Climate change is the defining issue of our time, we look at what the property industry can do and the economic impact it will have.
It is a known fact that the use of fossil fuels and greenhouses gases have caused carbon dioxide levels to rise which in turn have led to the increase of global temperatures, ocean warming and the shrinking of the Arctic sea ice. What does this have to do with the property industry? A recent study by real estate services company Altus Group state that ‘property professionals view climate change as one of the leading concerns in the near future, above geopolitical risks’, it’s important to know the issues that could affect the property industry going forward.
Sustainability is no longer a choice.
It is in a company’s interest to adopt a sustainable approach, especially in construction. Firstly you are future proofing against any risk to your building, 45% of total UK carbon emissions come from new buildings and 32% of landfill waste from the construction and demolition of buildings, there is a greater need for construction companies to look at how they deal with their waste.
It’s never been easier for construction companies to future proof their buildings. Such as Green Insulation which uses materials such as cotton denim as insulation which is recycled from industrial scrap. Other innovations in sustainable building materials involve biodegradable materials, which takes less time to decompose, in-turn reducing waste. Solar power is another major source of sustainability in construction, it not only saves money on energy bills in the long term but also absorbs heat, helping to warm a property during cold periods, without using electricity.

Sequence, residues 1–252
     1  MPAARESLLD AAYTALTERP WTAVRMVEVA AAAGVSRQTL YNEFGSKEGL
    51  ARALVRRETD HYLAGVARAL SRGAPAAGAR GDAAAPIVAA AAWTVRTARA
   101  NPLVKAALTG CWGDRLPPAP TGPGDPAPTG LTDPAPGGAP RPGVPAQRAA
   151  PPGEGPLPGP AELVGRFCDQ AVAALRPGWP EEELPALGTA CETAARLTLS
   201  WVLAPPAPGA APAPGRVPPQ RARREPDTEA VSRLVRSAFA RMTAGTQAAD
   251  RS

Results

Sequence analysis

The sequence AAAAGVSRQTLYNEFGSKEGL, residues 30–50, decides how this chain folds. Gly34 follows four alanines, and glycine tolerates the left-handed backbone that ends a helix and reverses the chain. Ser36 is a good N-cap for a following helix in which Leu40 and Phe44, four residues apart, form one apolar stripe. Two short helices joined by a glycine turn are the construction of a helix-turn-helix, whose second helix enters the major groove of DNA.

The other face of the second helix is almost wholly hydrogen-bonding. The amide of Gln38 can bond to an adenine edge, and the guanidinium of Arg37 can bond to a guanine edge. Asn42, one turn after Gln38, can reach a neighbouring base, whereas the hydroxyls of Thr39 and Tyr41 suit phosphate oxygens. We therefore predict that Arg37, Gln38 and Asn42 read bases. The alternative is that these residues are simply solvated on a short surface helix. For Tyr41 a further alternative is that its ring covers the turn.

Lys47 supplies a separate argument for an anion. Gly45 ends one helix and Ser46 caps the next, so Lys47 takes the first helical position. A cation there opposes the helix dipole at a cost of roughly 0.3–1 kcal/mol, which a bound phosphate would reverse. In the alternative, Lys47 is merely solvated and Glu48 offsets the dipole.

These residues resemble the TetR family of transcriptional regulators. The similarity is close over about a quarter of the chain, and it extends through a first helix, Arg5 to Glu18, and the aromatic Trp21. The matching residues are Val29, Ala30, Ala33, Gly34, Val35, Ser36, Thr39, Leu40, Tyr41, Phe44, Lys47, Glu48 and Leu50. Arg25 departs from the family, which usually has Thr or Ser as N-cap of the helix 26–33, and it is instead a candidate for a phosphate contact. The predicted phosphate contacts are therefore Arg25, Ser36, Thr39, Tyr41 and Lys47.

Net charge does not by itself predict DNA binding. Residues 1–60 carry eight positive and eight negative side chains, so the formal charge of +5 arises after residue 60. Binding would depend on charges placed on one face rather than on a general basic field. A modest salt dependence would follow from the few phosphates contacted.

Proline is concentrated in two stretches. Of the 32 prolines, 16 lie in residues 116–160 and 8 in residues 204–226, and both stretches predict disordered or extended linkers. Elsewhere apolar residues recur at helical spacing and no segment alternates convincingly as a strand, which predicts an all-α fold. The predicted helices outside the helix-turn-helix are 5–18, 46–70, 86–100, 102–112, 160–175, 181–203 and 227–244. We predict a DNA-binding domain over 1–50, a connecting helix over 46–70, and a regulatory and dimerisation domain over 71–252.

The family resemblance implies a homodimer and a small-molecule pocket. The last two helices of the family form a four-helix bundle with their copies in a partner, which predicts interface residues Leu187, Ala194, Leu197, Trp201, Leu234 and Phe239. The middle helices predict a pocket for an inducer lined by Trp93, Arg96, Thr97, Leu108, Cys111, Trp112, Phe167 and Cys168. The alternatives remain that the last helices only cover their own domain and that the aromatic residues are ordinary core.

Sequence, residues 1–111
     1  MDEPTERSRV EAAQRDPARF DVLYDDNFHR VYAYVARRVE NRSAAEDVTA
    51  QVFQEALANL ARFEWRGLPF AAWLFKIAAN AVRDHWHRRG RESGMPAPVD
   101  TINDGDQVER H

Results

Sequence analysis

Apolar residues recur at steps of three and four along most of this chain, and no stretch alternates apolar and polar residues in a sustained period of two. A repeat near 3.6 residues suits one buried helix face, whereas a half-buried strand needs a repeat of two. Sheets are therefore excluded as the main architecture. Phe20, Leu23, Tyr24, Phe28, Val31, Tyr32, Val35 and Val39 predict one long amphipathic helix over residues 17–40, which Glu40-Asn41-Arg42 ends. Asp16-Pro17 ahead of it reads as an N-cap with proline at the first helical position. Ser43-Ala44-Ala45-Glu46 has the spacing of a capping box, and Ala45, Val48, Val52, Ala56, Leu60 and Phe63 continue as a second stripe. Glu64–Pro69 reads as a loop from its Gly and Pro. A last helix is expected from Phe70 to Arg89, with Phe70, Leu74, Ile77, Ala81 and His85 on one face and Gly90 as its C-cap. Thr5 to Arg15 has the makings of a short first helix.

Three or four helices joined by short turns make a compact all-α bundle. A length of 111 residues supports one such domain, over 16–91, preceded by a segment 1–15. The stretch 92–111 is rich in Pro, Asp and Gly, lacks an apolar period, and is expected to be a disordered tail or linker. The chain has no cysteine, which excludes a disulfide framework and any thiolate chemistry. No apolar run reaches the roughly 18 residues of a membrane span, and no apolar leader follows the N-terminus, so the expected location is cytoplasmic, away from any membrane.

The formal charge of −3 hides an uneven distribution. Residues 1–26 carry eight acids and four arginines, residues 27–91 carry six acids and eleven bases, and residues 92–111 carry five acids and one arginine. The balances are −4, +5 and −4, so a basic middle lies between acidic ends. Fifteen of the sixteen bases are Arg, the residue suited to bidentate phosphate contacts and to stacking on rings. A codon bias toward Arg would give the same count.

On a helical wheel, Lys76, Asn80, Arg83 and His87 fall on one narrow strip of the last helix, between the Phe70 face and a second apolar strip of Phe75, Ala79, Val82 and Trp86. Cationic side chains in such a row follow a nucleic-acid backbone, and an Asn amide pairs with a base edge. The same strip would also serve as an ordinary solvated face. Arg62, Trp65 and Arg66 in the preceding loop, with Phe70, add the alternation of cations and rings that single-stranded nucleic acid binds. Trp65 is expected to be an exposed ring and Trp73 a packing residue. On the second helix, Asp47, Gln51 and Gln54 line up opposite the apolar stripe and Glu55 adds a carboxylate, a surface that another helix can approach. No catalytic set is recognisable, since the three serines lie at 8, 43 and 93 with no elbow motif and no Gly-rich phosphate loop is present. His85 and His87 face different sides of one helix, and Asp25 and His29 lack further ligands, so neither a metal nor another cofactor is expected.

Fact- The Royal Institution of Charted Surveyors (RICS) estimated that by 2050, the built environment sector needs to cut its carbon footprint by 84 billion tonnes.
Sea-front property will become a hard sell in the long term.
Sea-front property is still an attractive prospect for real estate investors and buyers alike. However as the implications of climate change impact further, we will see more floods and more property in danger of rising seas, and we could see the demand for seafront real estate disappear.
The rising sea-front has already affected property around such places as America, where properties exposed to sea level rising are selling at a 7% discount to those with less exposure. This, however, doesn't mean sea-front property is unsellable, it just means there must be more care and planning in the construction phase of a building, so it can overcome potential floods.
Insurance Premiums will rise.
Due to the rising sea levels, increasingly harsh weather, forest fires and high levels of drought, there will be a greater need to fully insure properties. A report published by the environment agency explains, 'business and communities should plan now for climate change. However, this comes with its own problems as high-risk locations tend to bring a high insurance premium, this means that if more locations become high-risk, more property or real estate could become unsellable due to the high insurance premiums.
Research from Swiss insurance company Swiss Re claimed that there was $155bn of insured losses from natural catastrophes and man-made disasters last year, importantly there was over $337bn of economic losses that were not insured, meaning half of the damage was not covered by any sort of insurance.
As the saying goes ‘location, location, location’, this will have more meaning than ever when choosing to invest in a property or home thanks to the implications of climate change impacting how to sell a property in a location that is a high-risk or could potentially become one.